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PMW in the Media
USAID defends funding Palestinian groups
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U.S. Agency for International Development officials have vigorously defended the agency’s record in vetting Palestinian groups to prevent funds from going to organizations that support or promote terrorist causes.
An Israeli watchdog group last week released a study charging that weaknesses in current U.S. law have allowed USAID money to be channeled to suspect groups. The Washington Times reported last week that lawmakers in both houses of Congress have begun efforts to amend the law governing aid policies in response to the study.
But James Kunder, USAID deputy assistant administrator for Asia and the Near East, said in an interview his agency carefully screens Palestinian applicants and their projects, even going beyond the statutory requirements to ensure against funding terrorist organizations or their supporters.
“There is a full vetting not only by USAID, but by the State Department and our colleagues in U.S. intelligence of any Palestinian group we work with to make sure there is absolutely no link to terrorism,” Mr. Kunder said.
USAID officials say they also conduct annual audits to make sure no taxpayer money is diverted to Palestinian terrorist groups or individuals.
In addition, groups that refuse to sign a mandatory antiterrorism certification as a number of Palestinian organizations have recently done are denied funding, Mr. Kunder said.
Mr. Kunder acknowledged that the agency made a “mistake” in its grant for the new Salah Khalaf Recreation and Sports Center in the West Bank village of al-Fara’a, named for the man considered the spiritual godfather of the Palestinian terrorist Black September organization.
The U.S. charity Save the Children received the USAID grant to help build the center.
“That was a mistake; we should have checked it better,” Mr. Kunder said. “We will be demanding on behalf of the U.S. government that the name of the center be changed.”
Palestinian Media Watch, the Israeli watchdog group, released a study Wednesday detailing what it said were four “loopholes” in U.S. law that permit aid dollars to be channeled to groups promoting Palestinian terrorists or their supporters.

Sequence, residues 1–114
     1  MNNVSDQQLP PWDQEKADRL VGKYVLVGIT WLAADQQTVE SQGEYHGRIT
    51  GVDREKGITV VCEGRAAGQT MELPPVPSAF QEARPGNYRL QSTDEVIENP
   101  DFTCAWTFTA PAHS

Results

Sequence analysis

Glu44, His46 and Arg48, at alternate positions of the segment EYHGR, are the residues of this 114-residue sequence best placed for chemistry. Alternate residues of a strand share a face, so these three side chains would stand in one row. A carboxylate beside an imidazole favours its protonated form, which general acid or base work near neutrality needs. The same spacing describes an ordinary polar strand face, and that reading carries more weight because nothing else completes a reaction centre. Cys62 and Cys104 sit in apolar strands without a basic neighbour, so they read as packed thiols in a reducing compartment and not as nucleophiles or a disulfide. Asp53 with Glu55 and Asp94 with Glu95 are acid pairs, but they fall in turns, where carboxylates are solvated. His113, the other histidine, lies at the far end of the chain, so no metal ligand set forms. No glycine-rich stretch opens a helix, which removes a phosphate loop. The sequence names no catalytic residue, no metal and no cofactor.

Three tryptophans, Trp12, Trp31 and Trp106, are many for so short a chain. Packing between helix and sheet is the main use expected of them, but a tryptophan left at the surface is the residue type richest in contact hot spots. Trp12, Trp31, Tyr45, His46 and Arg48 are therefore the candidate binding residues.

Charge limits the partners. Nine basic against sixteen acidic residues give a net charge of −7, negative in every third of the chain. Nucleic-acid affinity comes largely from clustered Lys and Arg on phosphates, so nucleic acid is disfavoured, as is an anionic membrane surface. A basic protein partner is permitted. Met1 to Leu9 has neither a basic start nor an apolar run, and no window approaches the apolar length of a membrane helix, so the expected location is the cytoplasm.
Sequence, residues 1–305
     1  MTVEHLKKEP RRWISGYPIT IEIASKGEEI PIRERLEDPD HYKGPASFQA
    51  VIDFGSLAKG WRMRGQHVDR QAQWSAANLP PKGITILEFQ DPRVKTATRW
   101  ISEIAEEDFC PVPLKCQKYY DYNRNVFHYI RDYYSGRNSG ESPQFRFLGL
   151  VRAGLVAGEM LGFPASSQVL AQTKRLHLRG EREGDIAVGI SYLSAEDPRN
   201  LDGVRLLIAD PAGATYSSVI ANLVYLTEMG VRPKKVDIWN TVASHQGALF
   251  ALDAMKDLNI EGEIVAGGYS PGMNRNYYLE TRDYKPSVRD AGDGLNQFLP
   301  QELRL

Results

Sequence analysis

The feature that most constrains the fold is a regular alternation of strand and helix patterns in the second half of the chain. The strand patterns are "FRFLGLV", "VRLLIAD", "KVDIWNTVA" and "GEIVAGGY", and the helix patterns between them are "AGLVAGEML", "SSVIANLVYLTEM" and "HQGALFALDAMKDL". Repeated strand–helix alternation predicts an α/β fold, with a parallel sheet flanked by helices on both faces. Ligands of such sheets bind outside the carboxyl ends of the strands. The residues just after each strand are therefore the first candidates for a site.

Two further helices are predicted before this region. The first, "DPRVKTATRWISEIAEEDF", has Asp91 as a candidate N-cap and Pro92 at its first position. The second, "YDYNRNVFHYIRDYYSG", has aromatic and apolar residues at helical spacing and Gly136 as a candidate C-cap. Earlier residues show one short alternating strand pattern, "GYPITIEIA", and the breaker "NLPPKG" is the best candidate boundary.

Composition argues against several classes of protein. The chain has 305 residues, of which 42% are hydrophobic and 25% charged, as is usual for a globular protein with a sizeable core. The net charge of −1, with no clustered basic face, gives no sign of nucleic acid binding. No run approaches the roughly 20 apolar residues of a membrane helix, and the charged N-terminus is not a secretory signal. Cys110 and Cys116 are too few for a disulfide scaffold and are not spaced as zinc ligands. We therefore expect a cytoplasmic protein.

The report did not say that USAID projects in Palestinian areas violated the law, but that the law itself was flawed in a number of key respects.
The study cited the Salah Khalaf incident as well as USAID project grants to the Gaza City Council, which has named streets after Palestinian “martyrs” who carried out suicide attacks in Israel and has bought space in local newspapers for vicious anti-Israeli propaganda.
The report also argued that USAID funds to municipalities and to university students in the form of grants freed up other funds at these institutions that have been used to promote Palestinian terrorist causes.
Palestinian universities, for example, routinely have official student organizations run by Hamas and Islamic Jihad, both considered terrorist organizations by the State Department.
USAID officials say that agency funding to Palestinian universities is limited to a single tuition funding support program for 312 lower-income students and short-term contracts with individual professors for consulting studies on agency programs.
Mr. Kunder said the “fungibility” argument that money given to any organization frees up other funds for suspect purposes could be made about any aid project anywhere in the world.
“By and large, we maintain very careful oversight of our projects because we don’t want to see any kind of diversion,” he said.


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